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Publication numberUS5964817 A
Publication typeGrant
Application numberUS 09/188,487
Publication dateOct 12, 1999
Filing dateNov 9, 1998
Priority dateNov 9, 1998
Fee statusPaid
Publication number09188487, 188487, US 5964817 A, US 5964817A, US-A-5964817, US5964817 A, US5964817A
InventorsJoseph Thomas Dalum, Gerhard F. Wessels
Original AssigneeDelco Electronics Corp.
Export CitationBiBTeX, EndNote, RefMan
External Links: USPTO, USPTO Assignment, Espacenet
Impact characterizing deployment control method for an automotive restraint system
US 5964817 A
Abstract
An improved deployment method for a vehicular restraint system having an acceleration sensor and a restraint device to be deployed for occupant protection in a crash event, where a measure of the impact severity based on the difference between the cumulative change in filtered acceleration over a predefined window, and the slope of such cumulative change, is used to characterize the crash event and to adjust the deployment threshold accordingly. Low energy impacts having a soft onset, such as an impact with a gravel pile or a low speed fill frontal impact, will produce a relatively high value of the measure, referred to herein as the Soft Impact Index, or SI Index, in the early progression of the sensed event, whereas high speed impacts that require deployment will produce a relatively low SI Index in the early progression of the event. If the SI Index exceeds a threshold early in the progression of a sensed crash event, an offset is added to the ΔV deployment threshold to reduce the likelihood of deployment, thereby increasing the system immunity to rough road and low velocity impacts. If the SI Index is below the threshold early in the progression of a sensed crash event, an offset is subtracted from the ΔV deployment threshold to provide a more timely deployment of the restraints.
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Claims(8)
The embodiments of the invention in which an exclusive property or privilege is claimed are defined as follows:
1. In a vehicular supplemental restraint system having a sensor providing a vehicle acceleration signal, a restraint device and a controller for deploying the restraint device for vehicle occupant protection in a crash event if a measure of crash severity based on the acceleration signal exceeds a threshold, the improvement wherein the controller:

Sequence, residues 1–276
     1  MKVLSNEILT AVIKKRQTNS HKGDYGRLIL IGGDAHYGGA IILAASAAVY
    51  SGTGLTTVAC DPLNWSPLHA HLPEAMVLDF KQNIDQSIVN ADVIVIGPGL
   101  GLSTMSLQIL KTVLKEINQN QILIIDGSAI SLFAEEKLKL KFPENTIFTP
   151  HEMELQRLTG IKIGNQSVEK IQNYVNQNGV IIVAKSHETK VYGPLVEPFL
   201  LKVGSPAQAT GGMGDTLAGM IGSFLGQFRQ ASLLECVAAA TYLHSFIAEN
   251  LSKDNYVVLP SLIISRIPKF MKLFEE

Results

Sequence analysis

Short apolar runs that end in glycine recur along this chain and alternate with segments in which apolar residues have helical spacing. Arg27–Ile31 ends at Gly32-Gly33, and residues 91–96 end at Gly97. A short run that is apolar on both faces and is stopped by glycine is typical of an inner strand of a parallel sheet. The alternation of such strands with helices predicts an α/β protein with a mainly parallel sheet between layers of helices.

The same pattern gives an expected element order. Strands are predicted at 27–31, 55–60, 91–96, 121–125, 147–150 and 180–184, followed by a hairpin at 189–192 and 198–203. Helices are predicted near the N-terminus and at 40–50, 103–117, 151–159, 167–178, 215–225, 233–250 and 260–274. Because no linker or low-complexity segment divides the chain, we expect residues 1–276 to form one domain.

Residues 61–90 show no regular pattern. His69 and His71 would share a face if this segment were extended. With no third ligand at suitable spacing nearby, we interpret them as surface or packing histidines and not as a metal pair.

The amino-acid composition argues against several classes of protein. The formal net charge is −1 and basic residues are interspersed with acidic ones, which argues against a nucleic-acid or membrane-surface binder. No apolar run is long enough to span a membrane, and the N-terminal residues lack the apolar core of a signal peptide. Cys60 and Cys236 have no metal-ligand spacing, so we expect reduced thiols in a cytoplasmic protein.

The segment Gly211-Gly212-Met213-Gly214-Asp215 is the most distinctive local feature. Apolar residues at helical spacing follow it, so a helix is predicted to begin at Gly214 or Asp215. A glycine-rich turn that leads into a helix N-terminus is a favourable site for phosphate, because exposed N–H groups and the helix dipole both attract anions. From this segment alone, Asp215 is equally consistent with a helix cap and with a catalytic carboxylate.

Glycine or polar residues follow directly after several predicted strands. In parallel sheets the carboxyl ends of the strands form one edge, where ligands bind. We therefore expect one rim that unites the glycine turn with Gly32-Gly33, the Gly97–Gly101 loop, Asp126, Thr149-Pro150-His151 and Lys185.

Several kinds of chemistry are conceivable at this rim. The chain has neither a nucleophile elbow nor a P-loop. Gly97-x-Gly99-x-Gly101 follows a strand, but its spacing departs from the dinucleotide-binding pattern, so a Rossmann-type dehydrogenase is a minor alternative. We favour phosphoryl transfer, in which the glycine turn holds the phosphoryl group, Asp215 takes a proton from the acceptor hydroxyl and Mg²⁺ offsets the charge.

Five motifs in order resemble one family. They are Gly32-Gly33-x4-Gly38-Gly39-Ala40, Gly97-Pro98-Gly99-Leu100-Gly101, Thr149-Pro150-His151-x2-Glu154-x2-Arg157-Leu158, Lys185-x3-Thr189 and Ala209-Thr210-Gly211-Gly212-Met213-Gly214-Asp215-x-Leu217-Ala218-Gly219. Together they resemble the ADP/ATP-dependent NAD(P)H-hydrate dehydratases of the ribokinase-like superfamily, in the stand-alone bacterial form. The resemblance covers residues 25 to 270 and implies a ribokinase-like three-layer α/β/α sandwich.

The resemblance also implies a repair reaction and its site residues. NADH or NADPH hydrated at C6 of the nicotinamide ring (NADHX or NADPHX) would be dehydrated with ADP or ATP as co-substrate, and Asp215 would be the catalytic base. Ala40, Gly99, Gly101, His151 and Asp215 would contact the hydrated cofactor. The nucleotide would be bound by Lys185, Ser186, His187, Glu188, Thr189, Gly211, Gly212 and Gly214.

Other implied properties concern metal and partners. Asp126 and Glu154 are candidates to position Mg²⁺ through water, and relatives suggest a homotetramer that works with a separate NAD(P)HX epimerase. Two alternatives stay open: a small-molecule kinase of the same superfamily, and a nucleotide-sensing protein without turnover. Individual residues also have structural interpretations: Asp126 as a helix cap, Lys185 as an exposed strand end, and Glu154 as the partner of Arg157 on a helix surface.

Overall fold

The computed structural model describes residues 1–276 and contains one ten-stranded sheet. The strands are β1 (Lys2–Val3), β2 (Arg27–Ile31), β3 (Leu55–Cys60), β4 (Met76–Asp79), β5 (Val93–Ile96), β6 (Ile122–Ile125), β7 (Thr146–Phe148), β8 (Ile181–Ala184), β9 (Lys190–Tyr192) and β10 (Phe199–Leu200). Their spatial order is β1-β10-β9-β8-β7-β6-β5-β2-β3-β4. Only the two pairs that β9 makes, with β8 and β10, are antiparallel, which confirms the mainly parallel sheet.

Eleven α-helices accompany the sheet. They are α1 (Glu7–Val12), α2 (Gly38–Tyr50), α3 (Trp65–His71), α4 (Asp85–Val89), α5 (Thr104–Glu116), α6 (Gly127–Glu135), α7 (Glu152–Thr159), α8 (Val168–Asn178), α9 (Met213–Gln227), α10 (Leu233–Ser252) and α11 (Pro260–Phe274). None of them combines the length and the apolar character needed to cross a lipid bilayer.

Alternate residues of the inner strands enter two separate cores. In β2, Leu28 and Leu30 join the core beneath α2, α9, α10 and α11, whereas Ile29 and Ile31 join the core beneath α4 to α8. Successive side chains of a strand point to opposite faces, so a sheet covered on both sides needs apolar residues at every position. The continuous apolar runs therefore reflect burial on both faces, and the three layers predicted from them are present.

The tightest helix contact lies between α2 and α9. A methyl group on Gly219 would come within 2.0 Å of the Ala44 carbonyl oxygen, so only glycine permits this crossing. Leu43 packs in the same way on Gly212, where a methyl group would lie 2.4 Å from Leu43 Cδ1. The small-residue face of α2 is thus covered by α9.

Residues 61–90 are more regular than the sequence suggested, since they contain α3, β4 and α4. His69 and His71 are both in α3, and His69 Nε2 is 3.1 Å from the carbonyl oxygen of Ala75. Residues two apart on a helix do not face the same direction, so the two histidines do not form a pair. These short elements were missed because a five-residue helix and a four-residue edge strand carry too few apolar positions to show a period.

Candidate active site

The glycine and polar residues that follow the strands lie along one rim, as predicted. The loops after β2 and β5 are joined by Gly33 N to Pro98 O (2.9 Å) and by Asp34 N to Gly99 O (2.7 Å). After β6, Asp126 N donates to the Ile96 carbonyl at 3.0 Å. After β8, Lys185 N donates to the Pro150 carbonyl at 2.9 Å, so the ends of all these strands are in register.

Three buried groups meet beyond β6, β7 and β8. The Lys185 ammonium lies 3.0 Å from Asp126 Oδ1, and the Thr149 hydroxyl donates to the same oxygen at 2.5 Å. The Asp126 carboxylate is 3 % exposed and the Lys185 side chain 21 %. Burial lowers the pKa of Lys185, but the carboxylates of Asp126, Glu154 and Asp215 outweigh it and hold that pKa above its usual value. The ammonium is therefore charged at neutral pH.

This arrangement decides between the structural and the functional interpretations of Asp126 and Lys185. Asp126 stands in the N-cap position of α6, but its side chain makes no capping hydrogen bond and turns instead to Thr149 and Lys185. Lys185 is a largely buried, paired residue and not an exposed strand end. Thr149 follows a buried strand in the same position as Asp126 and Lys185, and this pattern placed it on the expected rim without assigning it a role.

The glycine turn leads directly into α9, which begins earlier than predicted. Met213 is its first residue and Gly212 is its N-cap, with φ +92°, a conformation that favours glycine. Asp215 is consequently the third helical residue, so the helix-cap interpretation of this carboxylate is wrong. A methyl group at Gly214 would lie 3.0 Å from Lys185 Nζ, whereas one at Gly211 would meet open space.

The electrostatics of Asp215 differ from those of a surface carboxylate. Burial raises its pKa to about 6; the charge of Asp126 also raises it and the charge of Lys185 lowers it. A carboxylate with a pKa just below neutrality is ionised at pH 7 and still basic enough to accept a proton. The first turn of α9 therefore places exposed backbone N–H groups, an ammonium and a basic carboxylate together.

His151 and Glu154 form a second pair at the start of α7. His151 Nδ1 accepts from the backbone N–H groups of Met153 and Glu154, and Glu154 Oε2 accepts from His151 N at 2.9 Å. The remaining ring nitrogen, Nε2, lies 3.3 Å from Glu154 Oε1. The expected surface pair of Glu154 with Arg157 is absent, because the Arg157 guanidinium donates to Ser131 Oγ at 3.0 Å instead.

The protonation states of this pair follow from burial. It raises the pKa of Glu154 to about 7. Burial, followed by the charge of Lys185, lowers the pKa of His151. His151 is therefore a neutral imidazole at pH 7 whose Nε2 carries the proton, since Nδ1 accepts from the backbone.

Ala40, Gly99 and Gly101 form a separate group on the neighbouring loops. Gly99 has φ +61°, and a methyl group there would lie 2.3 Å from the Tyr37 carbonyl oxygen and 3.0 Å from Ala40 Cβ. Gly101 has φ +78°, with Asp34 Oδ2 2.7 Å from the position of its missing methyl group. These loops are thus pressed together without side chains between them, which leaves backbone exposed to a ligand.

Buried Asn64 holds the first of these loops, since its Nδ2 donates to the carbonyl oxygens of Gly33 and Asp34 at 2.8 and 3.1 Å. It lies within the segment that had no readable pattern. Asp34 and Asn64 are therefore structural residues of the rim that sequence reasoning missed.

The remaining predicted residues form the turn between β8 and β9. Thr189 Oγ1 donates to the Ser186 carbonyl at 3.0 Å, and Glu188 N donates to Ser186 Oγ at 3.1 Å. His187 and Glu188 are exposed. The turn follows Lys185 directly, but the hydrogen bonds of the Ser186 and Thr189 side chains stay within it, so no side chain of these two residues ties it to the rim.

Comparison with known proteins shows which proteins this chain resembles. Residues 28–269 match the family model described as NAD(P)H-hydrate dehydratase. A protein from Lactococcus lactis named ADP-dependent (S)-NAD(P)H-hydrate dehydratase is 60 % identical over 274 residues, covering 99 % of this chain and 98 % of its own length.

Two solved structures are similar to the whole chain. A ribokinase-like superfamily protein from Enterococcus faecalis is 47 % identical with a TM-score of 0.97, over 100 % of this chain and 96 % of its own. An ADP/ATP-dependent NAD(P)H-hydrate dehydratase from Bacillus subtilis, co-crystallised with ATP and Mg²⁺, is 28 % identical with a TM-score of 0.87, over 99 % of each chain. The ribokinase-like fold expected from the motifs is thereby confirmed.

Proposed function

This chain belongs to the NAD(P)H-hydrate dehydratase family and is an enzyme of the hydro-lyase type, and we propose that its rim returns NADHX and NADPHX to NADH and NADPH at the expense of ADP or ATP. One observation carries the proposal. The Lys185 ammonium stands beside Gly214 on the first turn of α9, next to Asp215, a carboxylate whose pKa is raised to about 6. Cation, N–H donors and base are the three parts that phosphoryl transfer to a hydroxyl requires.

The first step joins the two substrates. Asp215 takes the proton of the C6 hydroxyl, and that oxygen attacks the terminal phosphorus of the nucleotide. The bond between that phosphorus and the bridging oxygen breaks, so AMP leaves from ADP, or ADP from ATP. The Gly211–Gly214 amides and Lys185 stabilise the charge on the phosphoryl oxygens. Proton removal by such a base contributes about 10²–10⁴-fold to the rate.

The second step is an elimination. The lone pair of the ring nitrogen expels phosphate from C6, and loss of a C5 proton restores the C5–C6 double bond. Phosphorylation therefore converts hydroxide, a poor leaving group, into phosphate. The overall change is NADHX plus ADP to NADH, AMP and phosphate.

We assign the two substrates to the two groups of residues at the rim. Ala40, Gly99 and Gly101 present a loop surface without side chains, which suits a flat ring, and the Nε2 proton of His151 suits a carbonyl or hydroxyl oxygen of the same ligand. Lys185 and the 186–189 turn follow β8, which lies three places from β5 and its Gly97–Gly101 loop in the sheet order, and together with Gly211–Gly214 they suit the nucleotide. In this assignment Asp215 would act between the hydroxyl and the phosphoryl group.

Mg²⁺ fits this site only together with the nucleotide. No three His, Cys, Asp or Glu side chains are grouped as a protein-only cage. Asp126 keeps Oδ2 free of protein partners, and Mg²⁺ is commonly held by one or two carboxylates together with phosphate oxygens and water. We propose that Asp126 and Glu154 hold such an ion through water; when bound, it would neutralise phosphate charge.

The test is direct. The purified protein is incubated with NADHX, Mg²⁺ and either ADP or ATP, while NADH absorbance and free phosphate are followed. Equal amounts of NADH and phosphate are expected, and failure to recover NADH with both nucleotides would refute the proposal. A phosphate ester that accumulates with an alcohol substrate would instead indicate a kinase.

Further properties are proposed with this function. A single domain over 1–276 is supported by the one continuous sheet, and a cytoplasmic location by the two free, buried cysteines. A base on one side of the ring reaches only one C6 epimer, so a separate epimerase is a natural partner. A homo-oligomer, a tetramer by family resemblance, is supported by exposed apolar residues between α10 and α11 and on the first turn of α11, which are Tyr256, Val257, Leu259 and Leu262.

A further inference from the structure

filters the acceleration signal to form a ΔV signal, and determines a cumulative change in the ΔV signal over a first predefined interval;
determines an impact index according to a difference between the determined cumulative change in the ΔV signal and a rate of change of the determined cumulative change over a second predetermined interval in the course of the crash event, the impact index having a predeterminded high value at a predefined progression level of a crash event for which deployment is not desired, and a predeterminded low value at a predefined progression level of a crash event for which deployment is desired;
determines a crash progression level during the crash event based on the acceleration signal; and
compares the determined impact index to an index threshold when the crash progression level has attained the predefined progression level, and adjusts the deployment threshold by an offset amount during the crash event based on the comparison so as to either decrease a likelihood of deployment in a crash event for which deployment is not desired, or provide earlier deployment in a crash event for which deployment is desired.
2. The improvement of claim 1, wherein the controller increases the deployment threshold by the offset amount to decrease the likelihood of deployment when the comparison indicates that the determined impact index exceeds the index threshold.
3. The improvement of claim 2, wherein said offset amount is determined in relation to an amount by which the determined impact index exceeds the index threshold.
4. The improvement of claim 1, wherein the controller decreases the deployment threshold by the offset amount to provide earlier deployment when the comparison indicates that the determined impact index is below the index threshold.
5. The improvement of claim 4, wherein said offset amount is determined in relation to an amount by which the determined impact index is below the index threshold.
6. The improvement of claim 1, wherein said cumulative change in the ΔV signal is determined according to the expression:
Σ[ΔV(n-i)-ΔV(n-x)], for i=0 to x
where w1 is said first predefined interval, and x is defined as w1 -1.
7. The improvement of claim 1, wherein said rate of change of the determined cumulative change in the ΔV signal is determined according to the expression:
ΔΔV(n)-ΔΔV(n-y)
where ΔΔV is the cumulative change in filtered acceleration, w2 is said second predefined interval, and y is defined as w2 -1.
8. The improvement of claim 1, wherein:
the cumulative change in the ΔV signal, ΔΔV(n), is determined according to the expression:
Σ[ΔV(n-i)-ΔV(n-x)], for i=0 to x
where w1 is said first predefined interval, and x is defined as w1 -1;
the rate of change, ΔΔVslope (n), is determined according to the expression:
ΔΔV(n)-ΔΔV(n-y)
where W2 is said second predefined interval, and y is defined as W2 -1; and
the impact index is determined according to the expression:
|ΔΔV(n)-ΔΔVslope (n)|.
Description

This invention relates to automotive restraint systems, and more particularly to a control method that differentiates deployment events from non-deployment events.